Theoretical effects of vaccines on chronic covid-19 syndromes: a preliminary analysis

Scientists are beginning to study the impacts of vaccines on individuals with chronic symptoms stemming from covid-19. There are many terms being used to describe lasting effects of SARS-CoV-2 infection; "long covid" and "long haulers" are currently in use to describe the condition and those it affects, though the terminology will likely evolve. While data is currently lacking, and information remains mostly anecdotal, some have suggested that vaccinations may improve some of the symptoms of long covid. 

But first, let's assess our early understanding of this syndrome, with the caveat that these theories are preliminary and likely to change as more information becomes available, in some cases drastically. There are currently three theoretical mechanisms thought to be responsible for a variety of ongoing symptoms reported by those with longer-term symptoms.

  1. Persistent viral reservoir. This theory implies that the virus is setting up shop somewhere in the body and evading detection. 
  2. Viral fragments or remnants of RNA and protein remain in parts of the body, driving inflammation. Some call this a "viral ghost," though a "skeleton" might be a better term.
  3. An autoimmune response induced by the infection. In other words, our body's own immune system creates an overly aggressive response that results in persistent symptoms. 

Studies have thus far demonstrated that viral particles and viral RNA can been found in non-respiratory tissues during acute infection. But significant post covid-19 inflammation and diverse autoantibodies (evidence of autoimmune response) have been demonstrated in some patients as well. 

If the first theory were true, vaccine-induced responses might be able to eliminate the reservoir. If the second were true, vaccine-induced immunity may be able to eliminate the "viral ghosts'' if those remnants were associated with the spike protein that the vaccines are designed to mimic. If the third were true, vaccines might have the potential to divert autoimmune cells away from their usual locale. 

Of course, some or all of the above could be true. People with long covid may have varying degrees of some of these mechanisms simultaneously, making the condition a heterogeneous disease. Of course, other yet-untheorized mechanisms may be contributing. 

Indeed another possible way in which vaccines might alleviate long covid symptoms is via stimulation of innate immune responses (i.e. baseline immunity that responds to a variety of infections). If this is the case, the beneficial impact of vaccines would not be long lasting. 

To determine which theory or theories are primarily responsible for vaccine-mediated improvement in long covid, a trial comparing various vaccine mechanisms would be useful. Ideally, such a trial would use mRNA-based vaccines that target SARS-CoV-2 specifically while others would have nonspecific targets. While we are still learning about acute and chronic covid-19 symptoms, our ability to target studies and interventions is improving. If vaccines help people with longer-term symptoms recover, we may learn something very important about not just covid-19, but the chronic effects of many other conditions as well.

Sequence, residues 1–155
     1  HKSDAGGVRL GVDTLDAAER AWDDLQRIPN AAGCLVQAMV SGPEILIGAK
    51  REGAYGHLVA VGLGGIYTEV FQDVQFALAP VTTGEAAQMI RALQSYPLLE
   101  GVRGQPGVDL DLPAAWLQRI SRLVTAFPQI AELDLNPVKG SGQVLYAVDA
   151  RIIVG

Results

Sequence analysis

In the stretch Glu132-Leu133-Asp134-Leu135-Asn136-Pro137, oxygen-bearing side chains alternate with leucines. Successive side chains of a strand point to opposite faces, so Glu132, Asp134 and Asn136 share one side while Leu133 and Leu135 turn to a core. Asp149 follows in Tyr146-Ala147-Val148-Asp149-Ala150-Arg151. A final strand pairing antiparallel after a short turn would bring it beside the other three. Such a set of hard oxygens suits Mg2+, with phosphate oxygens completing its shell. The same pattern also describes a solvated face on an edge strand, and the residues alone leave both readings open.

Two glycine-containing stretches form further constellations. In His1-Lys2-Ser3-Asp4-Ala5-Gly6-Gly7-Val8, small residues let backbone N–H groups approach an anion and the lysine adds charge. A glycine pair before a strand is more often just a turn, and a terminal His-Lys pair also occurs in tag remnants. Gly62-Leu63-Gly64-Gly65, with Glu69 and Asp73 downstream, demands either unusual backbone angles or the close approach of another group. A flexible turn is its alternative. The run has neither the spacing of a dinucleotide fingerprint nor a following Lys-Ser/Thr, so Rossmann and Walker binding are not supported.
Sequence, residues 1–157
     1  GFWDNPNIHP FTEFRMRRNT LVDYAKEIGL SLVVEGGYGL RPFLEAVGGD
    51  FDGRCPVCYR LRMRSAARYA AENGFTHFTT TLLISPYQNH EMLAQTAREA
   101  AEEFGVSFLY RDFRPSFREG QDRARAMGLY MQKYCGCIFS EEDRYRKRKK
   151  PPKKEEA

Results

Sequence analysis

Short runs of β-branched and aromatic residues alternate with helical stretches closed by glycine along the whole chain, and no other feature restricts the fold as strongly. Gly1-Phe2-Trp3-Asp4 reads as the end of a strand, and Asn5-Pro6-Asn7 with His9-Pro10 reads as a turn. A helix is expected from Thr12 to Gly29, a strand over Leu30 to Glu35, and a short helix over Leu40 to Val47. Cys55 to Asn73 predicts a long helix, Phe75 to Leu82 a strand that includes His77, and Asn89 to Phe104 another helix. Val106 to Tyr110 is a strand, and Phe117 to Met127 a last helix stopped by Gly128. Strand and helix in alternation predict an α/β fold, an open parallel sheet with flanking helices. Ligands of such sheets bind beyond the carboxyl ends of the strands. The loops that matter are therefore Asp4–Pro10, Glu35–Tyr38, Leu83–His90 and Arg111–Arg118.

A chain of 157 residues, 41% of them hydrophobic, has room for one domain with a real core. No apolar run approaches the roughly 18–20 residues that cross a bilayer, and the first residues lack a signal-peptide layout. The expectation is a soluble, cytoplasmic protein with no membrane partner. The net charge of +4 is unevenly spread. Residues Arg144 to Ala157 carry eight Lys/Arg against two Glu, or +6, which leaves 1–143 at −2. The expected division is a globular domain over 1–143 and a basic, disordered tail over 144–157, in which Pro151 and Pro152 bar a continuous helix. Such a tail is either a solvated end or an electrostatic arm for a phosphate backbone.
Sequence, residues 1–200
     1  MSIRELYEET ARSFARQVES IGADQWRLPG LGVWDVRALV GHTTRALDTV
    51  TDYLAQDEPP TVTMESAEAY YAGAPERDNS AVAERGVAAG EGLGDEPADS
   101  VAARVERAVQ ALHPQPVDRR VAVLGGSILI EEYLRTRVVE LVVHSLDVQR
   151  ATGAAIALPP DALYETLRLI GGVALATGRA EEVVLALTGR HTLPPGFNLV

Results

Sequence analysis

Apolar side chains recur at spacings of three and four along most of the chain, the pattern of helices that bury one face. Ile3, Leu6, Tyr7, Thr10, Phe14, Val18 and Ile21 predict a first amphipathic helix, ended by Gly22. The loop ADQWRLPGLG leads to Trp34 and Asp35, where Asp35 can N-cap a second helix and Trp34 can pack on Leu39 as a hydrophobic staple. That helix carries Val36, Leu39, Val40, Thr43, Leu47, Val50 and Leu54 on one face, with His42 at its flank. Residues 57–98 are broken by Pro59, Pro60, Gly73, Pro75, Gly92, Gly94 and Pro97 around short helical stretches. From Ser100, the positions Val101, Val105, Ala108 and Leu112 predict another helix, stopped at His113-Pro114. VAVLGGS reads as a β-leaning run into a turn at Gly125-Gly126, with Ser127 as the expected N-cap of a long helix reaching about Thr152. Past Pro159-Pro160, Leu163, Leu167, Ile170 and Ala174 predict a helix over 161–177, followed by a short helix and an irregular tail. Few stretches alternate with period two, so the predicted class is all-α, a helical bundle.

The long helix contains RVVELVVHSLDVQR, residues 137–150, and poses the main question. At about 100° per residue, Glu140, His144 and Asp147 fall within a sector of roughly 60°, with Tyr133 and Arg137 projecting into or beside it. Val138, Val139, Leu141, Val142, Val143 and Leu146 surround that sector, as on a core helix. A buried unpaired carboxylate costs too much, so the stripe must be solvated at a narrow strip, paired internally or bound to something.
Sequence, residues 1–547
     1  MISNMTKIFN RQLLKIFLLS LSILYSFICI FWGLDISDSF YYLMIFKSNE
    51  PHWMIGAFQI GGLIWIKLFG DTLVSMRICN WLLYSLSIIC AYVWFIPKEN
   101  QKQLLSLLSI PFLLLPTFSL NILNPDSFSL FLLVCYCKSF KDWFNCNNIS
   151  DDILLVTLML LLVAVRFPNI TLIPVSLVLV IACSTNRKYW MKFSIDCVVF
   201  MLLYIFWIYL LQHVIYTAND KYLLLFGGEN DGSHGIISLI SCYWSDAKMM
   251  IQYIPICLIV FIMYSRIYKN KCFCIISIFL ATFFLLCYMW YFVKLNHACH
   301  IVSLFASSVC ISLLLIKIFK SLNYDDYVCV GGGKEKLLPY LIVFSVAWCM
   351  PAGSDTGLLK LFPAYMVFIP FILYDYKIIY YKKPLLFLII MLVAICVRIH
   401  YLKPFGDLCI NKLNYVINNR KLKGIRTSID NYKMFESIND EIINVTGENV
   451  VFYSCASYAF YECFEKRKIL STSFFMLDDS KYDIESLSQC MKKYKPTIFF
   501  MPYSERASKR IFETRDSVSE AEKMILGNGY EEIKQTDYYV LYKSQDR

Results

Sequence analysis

Brief19 Thread-of-the-Week


As restrictions ease, experts' fears grow

With the Johnson and Johnson vaccine becoming the third vaccine against SARS-CoV-2 now approved for emergency use in the United States and nearly one in five adults having already received at least one dose of a vaccine, state and local policymakers are beginning to reverse restrictions on social gatherings and local businesses in hopes of easing economic struggles. Cities large and small, including those in New York, Missouri and Massachusetts, have increased availability of indoor dining and bars. For example, Iowa's governor lifted the statewide mask mandate, and schools in Las Vegas are returning to physical classrooms, albeit only a few days a week to start. 

Public health officials, however, remain concerned that these steps to return to life as normal could give the virus a chance to spread again. Director of the US Centers for Disease Control and Prevention, Dr. Rochelle Walensky, said that, "we stand to completely lose the hard-earned ground that we have gained," with such rollbacks, especially if Americans interpret these policy changes as a signal that our collective guard can finally be let down. Although reported cases and deaths have sharply declined since January, numbers remain grim overall—with around 70,000 diagnoses and 2,000 deaths daily as of late.

However, those figures have been rising slightly over the past few days, which could mark the beginning of a dangerous trend. Officials are concerned about several new variants of the virus which current vaccines may be less likely to protect against. However, leaders in many cities and states prioritizing a return to economic prosperity are willing to take the risk, hoping that the increased availability of vaccines will help to keep infection rates at least stagnant. 

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